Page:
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The honorable Benjamin F. Wade, President pro tempore, resumed the chair.

The President pro tempore presented the credentials of George F. Edmunds, elected a senator by the legislature of the State of Vermont for the term of six years, commencing on the 4th day of March, 1869; which were read.

The President pro tempore presented a communication from Rufus B. Bullock, provisional governor of the State of Georgia, representing that the reconstruction laws under which that State was to have been adinitted to representation in Congress have not been executed, and asking the attention of Congress to the subject; which was read.

Ordered, That it lie on the table.

Mr. Sherman presented the credentials of Joshua Hill, elected a senator by the general assembly of the State of Georgia for the unexpired portion of the term commencing on the 4th day of March, 1867; which were read.

Mr. Drake moved that the said credentials be referred to the Committee on the Judiciary, when said committee shall have been appointed.

Pending debate,

Mr. Wilson presented a memorial of the representatives of the colored voters of the State of Georgia, in convention assembled, in relation to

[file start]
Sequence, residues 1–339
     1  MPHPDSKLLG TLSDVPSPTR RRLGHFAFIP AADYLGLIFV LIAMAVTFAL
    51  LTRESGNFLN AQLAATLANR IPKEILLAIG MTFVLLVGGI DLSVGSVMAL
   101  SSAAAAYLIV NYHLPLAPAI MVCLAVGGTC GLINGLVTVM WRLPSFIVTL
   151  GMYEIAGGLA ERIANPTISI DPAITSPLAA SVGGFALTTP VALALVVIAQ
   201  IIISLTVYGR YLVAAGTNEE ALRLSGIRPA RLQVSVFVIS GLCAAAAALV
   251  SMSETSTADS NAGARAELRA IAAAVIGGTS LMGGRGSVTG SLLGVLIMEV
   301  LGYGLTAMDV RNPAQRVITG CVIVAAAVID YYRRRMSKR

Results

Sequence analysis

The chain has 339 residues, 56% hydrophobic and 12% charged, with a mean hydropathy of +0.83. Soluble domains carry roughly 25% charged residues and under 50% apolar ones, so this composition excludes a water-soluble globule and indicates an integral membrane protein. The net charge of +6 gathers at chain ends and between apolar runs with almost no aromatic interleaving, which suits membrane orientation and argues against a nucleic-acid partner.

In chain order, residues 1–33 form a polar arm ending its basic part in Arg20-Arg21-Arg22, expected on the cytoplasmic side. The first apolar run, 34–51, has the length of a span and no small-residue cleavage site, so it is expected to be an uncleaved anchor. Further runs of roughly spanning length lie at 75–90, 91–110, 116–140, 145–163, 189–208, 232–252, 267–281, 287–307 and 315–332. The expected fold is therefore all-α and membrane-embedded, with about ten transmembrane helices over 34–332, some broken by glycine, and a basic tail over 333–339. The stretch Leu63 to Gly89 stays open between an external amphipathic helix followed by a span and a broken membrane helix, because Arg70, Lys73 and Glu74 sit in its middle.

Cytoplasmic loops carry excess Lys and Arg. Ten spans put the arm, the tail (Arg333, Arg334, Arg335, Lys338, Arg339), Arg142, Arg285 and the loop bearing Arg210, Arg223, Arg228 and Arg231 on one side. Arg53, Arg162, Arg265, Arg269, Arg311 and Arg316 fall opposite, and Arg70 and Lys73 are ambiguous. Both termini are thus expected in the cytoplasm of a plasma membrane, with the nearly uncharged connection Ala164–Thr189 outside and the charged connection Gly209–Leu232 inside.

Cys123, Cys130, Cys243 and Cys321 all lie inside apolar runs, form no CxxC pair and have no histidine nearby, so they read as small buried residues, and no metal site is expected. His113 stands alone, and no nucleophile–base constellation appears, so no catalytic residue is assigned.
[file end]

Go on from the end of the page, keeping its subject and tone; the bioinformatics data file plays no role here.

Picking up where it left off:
the action of the legislature of that State in expelling 29 colored mem-
bers from the said legislature; which was read, and
After further debate,

On motion by Mr. Sherman,
Ordered, That the credentials of Mr. Joshua Hill lie on the table.

A message from the House of Representatives, by Mr. McPherson, its
Clerk:
Mr. President: I am directed to inform the Senate that a quorum

of the House of Representatives is assembled, and that the House is ready to proceed to business.

The House of Representatives has passed a resolution for the appointment of a committee on its part, to join such committee as may be appointed on the part of the Senate, to wait upon the President of the United States and to inform him that a quorum of the two houses is now in session, and that Congress is ready to receive any communication he may be pleased to make; and it has appointed Mr. Ellihu B: Washburne, Mr. Garfield, and Mr. Brooks the committee on its part.

On motion by Mr. Morgan, Ordered, That the Secretary inform the House of Representatives that a quorum of the Senate has assembled, and that the Senate is ready to proceed to business.

Mr. Dixon submitted the following resolution; which was considered, by unanimous consent, and agreed to:

Resolved, That a committee consisting of two members be appointed to join such committee as may be appointed by the House of Representatives to wait upon the President of the United States and inform him that a quorum of each house is assembled, and that Congress is ready to receive any communication he may be pleased to make.